Did your heating system go out last winter? With cold weather swiftly approaching, it’s time to decide: heat pump or furnace? You may not understand the differences between these two home heating systems, but once you thoroughly explore each one, you should be able to determine which one is the best choice for your home.
Heat Pump vs. Furnace: Heat Production
Most people are more familiar with furnaces than heat pumps. A furnace generates heat in a traditional way by burning oil or natural gas and sending the resulting heat into the home. Furnaces can also be powered by electricity.
Heat pumps don’t generate heat from a fuel source. Instead, they use electricity and refrigerant to transfer heat from outdoor air to the inside. Essentially, when in heating mode, heat pumps work like an air conditioner in reverse. In fact, they even double as an air conditioner in the summer when in cooling mode.
Heat Pump vs. Furnace: Efficiency
Older furnaces were notorious for being inefficient, but new technology has resulted in impressive rates of up to 98 percent efficient. This means only 2 percent of the fuel burned escapes with combustion fumes when they’re vented to the exterior.
Because heat pumps move heat with electricity, they can be upwards of 300 percent efficient, using only one unit of electricity to move three units of heat energy. As you might imagine, performance suffers as it gets colder outside. This requires heat pumps to come with a less efficient backup heat source for when the temperature falls below freezing.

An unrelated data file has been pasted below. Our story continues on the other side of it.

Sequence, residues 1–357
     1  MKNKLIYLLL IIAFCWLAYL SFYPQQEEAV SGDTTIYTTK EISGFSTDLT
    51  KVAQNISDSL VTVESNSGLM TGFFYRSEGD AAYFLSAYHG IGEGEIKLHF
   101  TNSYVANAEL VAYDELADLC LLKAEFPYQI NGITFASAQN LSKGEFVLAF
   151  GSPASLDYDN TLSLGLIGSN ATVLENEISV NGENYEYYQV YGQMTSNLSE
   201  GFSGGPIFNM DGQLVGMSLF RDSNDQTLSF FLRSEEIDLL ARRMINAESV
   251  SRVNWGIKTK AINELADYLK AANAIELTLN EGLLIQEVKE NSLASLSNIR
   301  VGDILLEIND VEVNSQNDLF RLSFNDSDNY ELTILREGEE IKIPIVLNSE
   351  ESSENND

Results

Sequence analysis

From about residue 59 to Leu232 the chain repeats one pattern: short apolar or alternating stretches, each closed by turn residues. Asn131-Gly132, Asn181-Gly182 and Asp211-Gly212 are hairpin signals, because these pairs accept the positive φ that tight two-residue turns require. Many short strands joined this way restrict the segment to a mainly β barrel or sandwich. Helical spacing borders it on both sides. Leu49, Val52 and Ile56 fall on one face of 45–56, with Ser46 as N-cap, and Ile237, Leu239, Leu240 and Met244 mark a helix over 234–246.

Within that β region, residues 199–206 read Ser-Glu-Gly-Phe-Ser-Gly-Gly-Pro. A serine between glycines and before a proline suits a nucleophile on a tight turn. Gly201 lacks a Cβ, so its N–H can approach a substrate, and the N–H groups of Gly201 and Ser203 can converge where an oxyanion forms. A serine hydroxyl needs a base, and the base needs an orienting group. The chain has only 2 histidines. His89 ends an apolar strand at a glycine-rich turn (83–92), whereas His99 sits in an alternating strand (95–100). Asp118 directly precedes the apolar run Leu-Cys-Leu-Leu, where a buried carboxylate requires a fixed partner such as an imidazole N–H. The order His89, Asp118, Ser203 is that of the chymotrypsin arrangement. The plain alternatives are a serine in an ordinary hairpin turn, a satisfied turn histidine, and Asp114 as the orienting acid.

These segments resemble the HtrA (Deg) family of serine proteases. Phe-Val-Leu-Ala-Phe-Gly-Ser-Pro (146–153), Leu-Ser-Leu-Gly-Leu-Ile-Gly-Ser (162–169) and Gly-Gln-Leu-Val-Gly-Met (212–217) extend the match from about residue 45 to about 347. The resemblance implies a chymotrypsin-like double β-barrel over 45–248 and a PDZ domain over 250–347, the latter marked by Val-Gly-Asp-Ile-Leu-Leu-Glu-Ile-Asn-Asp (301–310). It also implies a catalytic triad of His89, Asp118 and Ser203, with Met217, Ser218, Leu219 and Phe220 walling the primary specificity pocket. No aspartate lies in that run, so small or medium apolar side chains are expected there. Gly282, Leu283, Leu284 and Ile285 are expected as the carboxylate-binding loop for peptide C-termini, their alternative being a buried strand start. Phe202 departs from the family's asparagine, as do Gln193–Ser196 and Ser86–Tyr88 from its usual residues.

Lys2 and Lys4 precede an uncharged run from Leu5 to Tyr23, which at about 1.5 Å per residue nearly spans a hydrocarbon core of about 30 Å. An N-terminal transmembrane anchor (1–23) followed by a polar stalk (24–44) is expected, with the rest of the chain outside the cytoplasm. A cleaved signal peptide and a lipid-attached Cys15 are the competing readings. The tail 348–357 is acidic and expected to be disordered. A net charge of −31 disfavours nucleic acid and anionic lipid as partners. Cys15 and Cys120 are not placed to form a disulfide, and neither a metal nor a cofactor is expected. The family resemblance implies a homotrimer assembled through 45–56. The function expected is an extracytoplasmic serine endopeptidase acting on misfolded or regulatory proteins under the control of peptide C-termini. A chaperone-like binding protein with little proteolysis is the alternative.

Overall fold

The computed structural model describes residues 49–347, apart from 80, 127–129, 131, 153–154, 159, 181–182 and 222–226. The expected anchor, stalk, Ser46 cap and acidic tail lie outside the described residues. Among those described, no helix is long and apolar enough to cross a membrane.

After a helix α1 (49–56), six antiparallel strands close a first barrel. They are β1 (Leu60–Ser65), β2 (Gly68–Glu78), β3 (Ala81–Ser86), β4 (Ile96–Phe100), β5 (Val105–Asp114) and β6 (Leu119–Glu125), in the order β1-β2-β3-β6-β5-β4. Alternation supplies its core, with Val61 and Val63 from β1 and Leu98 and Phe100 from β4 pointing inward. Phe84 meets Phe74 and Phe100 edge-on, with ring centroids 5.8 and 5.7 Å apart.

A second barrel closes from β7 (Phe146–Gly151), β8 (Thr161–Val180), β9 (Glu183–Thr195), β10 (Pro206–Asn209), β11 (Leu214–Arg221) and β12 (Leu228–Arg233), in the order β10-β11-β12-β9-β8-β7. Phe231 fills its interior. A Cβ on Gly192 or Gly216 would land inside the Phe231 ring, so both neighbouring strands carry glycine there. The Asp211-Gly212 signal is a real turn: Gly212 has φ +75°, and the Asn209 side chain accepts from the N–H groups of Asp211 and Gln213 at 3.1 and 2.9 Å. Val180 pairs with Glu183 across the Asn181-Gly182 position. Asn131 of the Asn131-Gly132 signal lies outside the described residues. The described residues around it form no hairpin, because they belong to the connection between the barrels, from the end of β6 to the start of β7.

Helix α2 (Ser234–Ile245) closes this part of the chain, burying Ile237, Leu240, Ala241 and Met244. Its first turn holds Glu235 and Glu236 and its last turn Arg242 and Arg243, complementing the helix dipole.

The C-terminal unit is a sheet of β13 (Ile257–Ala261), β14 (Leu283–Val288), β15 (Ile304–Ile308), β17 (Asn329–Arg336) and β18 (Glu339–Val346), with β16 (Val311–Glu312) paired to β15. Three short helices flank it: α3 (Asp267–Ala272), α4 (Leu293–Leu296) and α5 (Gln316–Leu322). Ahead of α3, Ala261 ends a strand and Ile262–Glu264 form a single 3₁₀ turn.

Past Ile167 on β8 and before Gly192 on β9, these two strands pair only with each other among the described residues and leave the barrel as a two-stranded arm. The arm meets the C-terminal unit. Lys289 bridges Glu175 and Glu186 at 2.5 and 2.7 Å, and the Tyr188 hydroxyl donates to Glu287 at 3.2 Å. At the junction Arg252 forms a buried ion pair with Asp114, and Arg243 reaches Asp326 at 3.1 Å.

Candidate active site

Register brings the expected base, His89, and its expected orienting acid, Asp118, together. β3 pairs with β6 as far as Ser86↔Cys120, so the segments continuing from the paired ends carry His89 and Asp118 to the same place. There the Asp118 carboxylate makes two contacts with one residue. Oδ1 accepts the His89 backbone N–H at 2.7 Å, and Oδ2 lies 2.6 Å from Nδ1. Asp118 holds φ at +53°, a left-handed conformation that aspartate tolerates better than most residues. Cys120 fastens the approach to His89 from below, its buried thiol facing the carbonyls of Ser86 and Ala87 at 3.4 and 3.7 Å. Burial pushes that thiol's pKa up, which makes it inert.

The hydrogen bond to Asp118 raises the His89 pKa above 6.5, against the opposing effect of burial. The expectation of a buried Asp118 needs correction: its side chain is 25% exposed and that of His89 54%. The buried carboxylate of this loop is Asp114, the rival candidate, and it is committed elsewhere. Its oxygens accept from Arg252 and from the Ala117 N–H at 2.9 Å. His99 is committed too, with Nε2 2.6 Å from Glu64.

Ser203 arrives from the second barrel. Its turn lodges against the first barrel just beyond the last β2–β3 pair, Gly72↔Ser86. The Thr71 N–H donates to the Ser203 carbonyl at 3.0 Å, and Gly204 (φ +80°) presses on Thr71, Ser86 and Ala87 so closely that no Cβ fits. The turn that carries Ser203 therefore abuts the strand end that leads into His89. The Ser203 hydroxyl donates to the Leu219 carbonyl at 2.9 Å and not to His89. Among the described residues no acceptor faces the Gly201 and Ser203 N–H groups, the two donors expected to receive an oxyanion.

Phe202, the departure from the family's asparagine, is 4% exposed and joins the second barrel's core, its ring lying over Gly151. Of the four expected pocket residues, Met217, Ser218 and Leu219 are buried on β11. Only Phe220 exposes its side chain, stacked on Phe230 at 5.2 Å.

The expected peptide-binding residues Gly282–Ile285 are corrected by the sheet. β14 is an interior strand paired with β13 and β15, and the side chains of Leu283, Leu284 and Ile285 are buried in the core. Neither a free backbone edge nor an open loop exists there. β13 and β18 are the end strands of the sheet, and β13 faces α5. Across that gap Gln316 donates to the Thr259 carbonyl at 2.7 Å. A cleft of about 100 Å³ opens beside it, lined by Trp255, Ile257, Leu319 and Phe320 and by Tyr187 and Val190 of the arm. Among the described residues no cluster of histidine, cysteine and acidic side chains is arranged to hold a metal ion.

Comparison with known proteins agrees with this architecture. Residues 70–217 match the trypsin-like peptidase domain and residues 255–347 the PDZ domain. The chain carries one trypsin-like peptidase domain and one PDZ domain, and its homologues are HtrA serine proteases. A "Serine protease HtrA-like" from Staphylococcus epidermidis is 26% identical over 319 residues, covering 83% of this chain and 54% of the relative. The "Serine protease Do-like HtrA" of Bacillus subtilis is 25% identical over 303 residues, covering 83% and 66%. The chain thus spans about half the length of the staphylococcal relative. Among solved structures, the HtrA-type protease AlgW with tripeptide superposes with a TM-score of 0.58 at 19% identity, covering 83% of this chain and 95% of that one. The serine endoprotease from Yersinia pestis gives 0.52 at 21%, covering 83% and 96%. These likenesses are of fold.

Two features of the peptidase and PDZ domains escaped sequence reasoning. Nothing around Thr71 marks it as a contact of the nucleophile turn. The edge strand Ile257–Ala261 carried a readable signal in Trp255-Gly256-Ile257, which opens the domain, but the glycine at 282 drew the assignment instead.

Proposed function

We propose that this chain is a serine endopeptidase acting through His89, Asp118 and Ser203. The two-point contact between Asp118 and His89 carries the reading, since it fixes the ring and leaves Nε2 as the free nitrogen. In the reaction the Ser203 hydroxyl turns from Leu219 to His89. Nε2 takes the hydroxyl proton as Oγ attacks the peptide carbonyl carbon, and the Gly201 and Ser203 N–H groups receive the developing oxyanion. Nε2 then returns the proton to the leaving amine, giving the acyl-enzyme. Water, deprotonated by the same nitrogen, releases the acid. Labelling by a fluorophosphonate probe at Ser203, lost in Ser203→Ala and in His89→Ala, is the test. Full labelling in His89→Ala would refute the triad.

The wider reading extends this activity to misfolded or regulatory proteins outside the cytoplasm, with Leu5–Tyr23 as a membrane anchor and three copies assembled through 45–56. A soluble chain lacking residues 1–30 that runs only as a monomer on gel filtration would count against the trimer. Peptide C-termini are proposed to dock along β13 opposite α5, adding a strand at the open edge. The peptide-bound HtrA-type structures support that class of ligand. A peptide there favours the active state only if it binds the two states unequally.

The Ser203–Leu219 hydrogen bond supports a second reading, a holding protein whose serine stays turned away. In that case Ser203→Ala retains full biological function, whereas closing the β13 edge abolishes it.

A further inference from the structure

Heat Pump vs. Furnace: Which is the Best Choice?
A traditional furnace could be the best choice if you have access to natural gas. It also makes sense to choose a furnace if you recently installed a new air conditioner and don’t want to deal with adding a backup heat source.
Heat pump installation may be a better choice if you have no natural gas lines leading to your home. Electricity tends to be more expensive than natural gas, but because heat pumps work so efficiently, you’ll save money with an electric heat pump compared to an electric furnace. It’s also the more cost-effective option if you’re thinking of replacing your air conditioner as well, since the heat pump can replace this equipment.
For more help making your final decision, contact Arctic Air Conditioning, proudly serving New Jersey since 1977.
The information on this website is for informational purposes only; it is deemed accurate but not guaranteed. It does not constitute professional advice. All information is subject to change at any time without notice. Contact us for complete details.